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GPU vs. CPU Upgrade: Extensive Tests

Prey v1.4

Without antialiasing, the Geforce 6800 GT is able to produce fluid animations on screen at up to at least 1680x1050 pixels, but it does not respond to increased CPU performance. The Geforce 7950 GT copes well with increased resolutions and antialiasing, but also does not respond to improved CPU performance. The 1800 MHz from E2160 is sufficient to produce fluid frame rates with the Geforce 8 and 9; at the 2410 and 2670 MHz CPU clock rates, the new cards are able to provide considerably more 3D speed. Overclocking the Q6600 only has an effect at the 1280x1024 pixel resolution without antialiasing.

gpu vs cpu

gpu vs cpu

gpu vs cpu

gpu vs cpu

gpu vs cpu

gpu vs cpu

  • DjEaZy
    will there be a AMD/ATI roundup???
    Reply
  • randomizer
    That would simply consume more time without really proving much. I think sticking with a single manufacturer is fine, because you see the generation differences of cards and the performance gains compared to geting a new processor. You will see the same thing with ATI cards. Pop in an X800 and watch it crumble in the wake of a HD3870. There is no need to inlude ATI cards for the sake of this article.
    Reply
  • randomizer
    This has been a long needed article IMO. Now we can post links instead of coming up with simple explanations :D
    Reply
  • yadge
    I didn't realize the new gpus were actually that powerful. According to Toms charts, there is no gpu that can give me double the performance over my x1950 pro. But here, the 9600gt was getting 3 times the frames as the 7950gt(which is better than mine) on Call of Duty 4.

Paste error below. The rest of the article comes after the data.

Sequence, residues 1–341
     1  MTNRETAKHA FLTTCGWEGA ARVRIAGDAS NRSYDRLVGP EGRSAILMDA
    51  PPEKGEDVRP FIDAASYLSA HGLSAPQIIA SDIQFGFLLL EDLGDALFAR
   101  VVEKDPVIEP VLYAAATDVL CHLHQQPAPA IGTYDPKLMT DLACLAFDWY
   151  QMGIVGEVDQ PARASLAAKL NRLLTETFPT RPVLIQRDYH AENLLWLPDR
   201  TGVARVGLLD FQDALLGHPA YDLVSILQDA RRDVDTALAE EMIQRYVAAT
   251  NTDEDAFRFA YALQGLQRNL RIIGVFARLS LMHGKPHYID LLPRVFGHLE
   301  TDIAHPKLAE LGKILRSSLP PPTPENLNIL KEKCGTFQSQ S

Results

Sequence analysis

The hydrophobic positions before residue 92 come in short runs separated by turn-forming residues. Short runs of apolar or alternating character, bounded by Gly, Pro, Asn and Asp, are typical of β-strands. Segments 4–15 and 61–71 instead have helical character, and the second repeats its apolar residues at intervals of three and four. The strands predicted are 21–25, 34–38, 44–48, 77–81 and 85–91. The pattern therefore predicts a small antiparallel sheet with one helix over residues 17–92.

Maybe there's something wrong with the charts. I don't know. But this makes me even more excited for when I upgrade in the near future.
    Reply
  • This article is biased from the beginning by using a reference graphics card from 2004 (6800GT) to a reference CPU from 2007 (E2140).

    Go back and use a Pentium 4 Prescott (2004) and then the basis of these percentage values on page 3 will actually mean something.
    Reply
  • randomizer
    yadgeI didn't realize the new gpus were actually that powerful. According to Toms charts, there is no gpu that can give me double the performance over my x1950 pro. But here, the 9600gt was getting 3 times the frames as the 7950gt(which is better than mine) on Call of Duty 4. Maybe there's something wrong with the charts. I don't know. But this makes me even more excited for when I upgrade in the near future.I upgraded my X1950 pro to a 9600GT. It was a fantastic upgrade.
    Reply
  • wh3resmycar
    scyThis article is biased from the beginning by using a reference graphics card from 2004 (6800GT) to a reference CPU from 2007 (E2140).
    maybe it is. but its relevant especially with those people who are stuck with those prescotts/6800gt. this article reveals an upgrade path nonetheless
    Reply
  • randomizer
    If they had used P4s there would be o many variables in this article that there would be no direction and that would make it pointless.
    Reply
  • JAYDEEJOHN
    Great article!!! It clears up many things. It finally shows proof that the best upgrade a gamer can make is a newer card. About the P4's, just take the clock rate and cut it in half, then compare (ok add 10%) heheh
    Reply
  • justjc
    I know randomizer thinks we would get the same results, but would it be possible to see just a small article showing if the same result is true for AMD processors and ATi graphics.
    Firstly we know that ATi and nVidia graphics doesn't calculate graphics in the same way, who knows perhaps an ATi card requiers more or less processorpower to work at full load, and if you look at Can you run it? for Crysis(only one I recall using) you will see the minimum needed AMD processor is slover than the minimum needed Core2, even in processor speed.
    So any chance of a small, or full scale, article throwing some ATi and AMD power into the mix?
    Reply